eCite Digital Repository

Cultural wellbeing and respect for diversity in early childhood education

Citation

Emery, SG and Nailon, DL, Cultural wellbeing and respect for diversity in early childhood education, Proceedings of the 69th OMEP World Assembly and International Conference, 12-24 June 2017, Opatija, Croatia, pp. IP 3D - 1. (2017) [Non Refereed Conference Paper]


Preview
Image (PNG)
Pending copyright assessment - Request a copy
443Kb

Preview
PDF
Pending copyright assessment - Request a copy
166Kb

Abstract

Scholars argue that ecological worldviews are important for young children's emerging understandings of themselves as part of the diversity of life inhabiting the Earth (Inoue, 2014), and for supporting relationships that are integral to cultural wellbeing (Emery, Miller, West & Nailon, 2015). Early childhood educators are well placed to support cultural wellbeing within their classroom communities where diversity is valued and regarded as enrichment for such practice.

This paper presents preliminary findings from a case study of cultural wellbeing in early childhood education in Tasmania, Australia in which interviews were conducted with educators. Two broad areas of diversity in education emerged as important contributors to cultural wellbeing: cultural diversity and biological diversity (biodiversity). Educators described cultural wellbeing as belonging and connectedness to people, places (especially nature), and cultural worlds. Providing opportunities for children to encounter diversity was integral to educatorsí practices of cultivating cultural wellbeing. The research found that early childhood classroom communities were spaces where young children could engage in experiences which value diversity and support wellbeing.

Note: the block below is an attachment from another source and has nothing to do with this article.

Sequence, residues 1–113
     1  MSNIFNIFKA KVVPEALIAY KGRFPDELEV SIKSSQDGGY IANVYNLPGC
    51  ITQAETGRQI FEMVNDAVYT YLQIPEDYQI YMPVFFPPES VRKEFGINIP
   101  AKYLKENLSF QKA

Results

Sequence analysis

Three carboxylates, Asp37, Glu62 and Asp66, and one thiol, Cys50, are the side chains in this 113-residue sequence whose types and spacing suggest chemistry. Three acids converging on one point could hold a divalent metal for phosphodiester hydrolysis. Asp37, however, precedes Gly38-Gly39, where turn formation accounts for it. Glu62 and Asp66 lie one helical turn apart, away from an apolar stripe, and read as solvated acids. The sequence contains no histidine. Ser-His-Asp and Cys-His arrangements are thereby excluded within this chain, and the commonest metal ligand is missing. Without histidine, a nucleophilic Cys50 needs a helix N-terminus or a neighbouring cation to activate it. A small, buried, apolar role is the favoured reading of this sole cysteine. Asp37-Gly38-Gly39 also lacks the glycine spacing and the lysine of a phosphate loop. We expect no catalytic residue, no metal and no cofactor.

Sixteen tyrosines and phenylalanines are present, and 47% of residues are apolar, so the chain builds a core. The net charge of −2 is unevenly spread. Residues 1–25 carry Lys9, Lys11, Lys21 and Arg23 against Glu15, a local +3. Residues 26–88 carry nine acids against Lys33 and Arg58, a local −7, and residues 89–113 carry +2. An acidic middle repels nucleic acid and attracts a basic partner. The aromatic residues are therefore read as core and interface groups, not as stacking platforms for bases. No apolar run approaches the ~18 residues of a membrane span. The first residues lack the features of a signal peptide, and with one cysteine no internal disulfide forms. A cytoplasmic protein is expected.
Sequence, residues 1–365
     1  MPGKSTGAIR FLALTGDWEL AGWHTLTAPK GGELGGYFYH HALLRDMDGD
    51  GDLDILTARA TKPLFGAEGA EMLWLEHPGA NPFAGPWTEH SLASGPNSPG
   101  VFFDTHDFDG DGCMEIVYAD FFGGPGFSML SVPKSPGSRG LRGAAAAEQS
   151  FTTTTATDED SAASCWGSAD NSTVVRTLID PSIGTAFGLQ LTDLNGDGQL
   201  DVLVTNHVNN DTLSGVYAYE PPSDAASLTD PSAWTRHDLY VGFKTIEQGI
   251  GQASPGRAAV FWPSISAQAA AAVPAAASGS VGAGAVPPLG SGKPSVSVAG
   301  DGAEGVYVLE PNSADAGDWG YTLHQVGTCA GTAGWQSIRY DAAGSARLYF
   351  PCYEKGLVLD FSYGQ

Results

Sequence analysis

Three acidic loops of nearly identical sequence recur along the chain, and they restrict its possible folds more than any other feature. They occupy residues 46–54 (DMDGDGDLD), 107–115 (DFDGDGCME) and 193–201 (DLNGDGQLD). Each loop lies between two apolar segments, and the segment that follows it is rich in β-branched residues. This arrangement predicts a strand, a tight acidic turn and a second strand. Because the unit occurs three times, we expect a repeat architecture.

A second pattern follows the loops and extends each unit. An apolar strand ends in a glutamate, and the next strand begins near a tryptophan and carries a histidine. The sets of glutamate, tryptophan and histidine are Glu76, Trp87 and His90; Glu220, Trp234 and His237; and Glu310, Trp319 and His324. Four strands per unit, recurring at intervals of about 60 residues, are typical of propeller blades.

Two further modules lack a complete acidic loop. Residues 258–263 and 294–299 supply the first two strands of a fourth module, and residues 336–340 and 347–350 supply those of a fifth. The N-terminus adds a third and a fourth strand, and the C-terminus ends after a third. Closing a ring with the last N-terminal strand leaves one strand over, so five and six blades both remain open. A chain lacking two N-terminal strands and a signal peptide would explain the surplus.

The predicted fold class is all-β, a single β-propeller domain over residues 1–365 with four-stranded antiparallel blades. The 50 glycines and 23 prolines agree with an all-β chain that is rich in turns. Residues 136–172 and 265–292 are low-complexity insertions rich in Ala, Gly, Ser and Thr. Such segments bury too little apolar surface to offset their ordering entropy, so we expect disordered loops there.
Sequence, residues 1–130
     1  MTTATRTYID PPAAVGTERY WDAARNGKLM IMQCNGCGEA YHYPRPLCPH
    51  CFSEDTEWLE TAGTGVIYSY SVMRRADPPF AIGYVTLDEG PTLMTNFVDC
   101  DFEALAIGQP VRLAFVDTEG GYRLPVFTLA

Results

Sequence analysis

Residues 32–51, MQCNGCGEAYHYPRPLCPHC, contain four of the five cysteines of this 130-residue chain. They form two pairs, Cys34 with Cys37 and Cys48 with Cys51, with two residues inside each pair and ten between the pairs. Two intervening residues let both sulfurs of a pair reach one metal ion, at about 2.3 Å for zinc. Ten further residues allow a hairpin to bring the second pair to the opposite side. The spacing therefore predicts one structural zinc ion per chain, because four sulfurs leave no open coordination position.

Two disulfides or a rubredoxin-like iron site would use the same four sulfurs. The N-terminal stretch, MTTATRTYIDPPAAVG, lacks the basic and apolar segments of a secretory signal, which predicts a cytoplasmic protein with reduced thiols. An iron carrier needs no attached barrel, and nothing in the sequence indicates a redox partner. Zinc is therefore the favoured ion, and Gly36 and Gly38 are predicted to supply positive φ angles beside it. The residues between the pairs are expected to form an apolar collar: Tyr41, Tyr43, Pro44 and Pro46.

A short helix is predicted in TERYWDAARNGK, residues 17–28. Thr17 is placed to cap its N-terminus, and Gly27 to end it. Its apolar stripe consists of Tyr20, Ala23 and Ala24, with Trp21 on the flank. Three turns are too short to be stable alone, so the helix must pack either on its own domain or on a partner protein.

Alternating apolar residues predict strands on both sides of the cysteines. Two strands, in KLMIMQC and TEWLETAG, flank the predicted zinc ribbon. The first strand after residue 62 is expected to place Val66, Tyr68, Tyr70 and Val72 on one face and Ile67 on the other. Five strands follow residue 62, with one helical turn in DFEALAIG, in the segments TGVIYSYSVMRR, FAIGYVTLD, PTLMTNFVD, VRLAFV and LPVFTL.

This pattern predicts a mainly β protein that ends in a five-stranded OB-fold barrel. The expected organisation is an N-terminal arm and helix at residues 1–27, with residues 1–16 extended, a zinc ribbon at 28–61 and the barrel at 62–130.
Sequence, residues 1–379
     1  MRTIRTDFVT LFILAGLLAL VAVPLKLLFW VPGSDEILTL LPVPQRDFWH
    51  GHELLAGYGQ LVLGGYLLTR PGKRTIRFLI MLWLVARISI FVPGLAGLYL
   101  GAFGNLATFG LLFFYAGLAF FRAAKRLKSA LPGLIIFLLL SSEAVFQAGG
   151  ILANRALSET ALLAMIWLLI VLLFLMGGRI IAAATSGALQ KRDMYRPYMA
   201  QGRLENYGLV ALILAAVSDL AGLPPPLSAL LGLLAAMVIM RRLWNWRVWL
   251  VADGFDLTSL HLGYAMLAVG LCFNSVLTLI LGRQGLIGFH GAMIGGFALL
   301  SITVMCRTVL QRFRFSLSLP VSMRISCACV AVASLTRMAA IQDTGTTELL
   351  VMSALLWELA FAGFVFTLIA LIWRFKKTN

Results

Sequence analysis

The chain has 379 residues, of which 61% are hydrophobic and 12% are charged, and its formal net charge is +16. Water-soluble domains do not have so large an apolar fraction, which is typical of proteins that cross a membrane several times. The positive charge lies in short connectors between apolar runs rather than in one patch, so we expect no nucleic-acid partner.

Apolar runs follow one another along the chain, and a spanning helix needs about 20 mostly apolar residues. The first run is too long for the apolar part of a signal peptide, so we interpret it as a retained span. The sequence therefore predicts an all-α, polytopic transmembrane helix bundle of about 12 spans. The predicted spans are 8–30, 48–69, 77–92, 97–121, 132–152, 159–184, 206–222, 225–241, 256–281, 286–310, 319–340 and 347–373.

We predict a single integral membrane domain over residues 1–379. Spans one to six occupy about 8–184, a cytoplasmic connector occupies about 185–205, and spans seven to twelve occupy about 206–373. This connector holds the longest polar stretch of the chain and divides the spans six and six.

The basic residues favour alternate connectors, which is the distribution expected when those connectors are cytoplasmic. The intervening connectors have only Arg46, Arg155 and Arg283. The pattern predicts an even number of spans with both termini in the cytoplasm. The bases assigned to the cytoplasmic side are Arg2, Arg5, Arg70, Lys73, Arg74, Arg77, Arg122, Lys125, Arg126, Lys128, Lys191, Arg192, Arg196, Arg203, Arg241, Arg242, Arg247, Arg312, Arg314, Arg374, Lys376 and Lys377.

The research findings will be discussed in relation to Bourdieuís concepts of cultural capital and habitus, and enabling and constraining factors for cultural wellbeing will be explored. This presentation argues that enabling student encounters with diversity creates conditions for cultural wellbeing through webs of connectedness in and beyond classroom communities. Furthermore, doing so is core to (multi-species) relationships that are foundational for a sustainable future.

Item Details

Item Type:Non Refereed Conference Paper
Keywords:cultural wellbeing; cultural diversity; arts education; culturally responsive; pedagogy
Research Division:Education
Research Group:Education Systems
Research Field:Early Childhood Education (excl. Maori)
Objective Division:Education and Training
Objective Group:Teaching and Instruction
Objective Field:Teacher and Instructor Development
Author:Emery, SG (Ms Sherridan Emery)
Author:Nailon, DL (Ms Di Nailon)
ID Code:120526
Year Published:2017
Deposited By:Education
Deposited On:2017-08-28
Last Modified:2017-10-10
Downloads:2 View Download Statistics

Repository Staff Only: item control page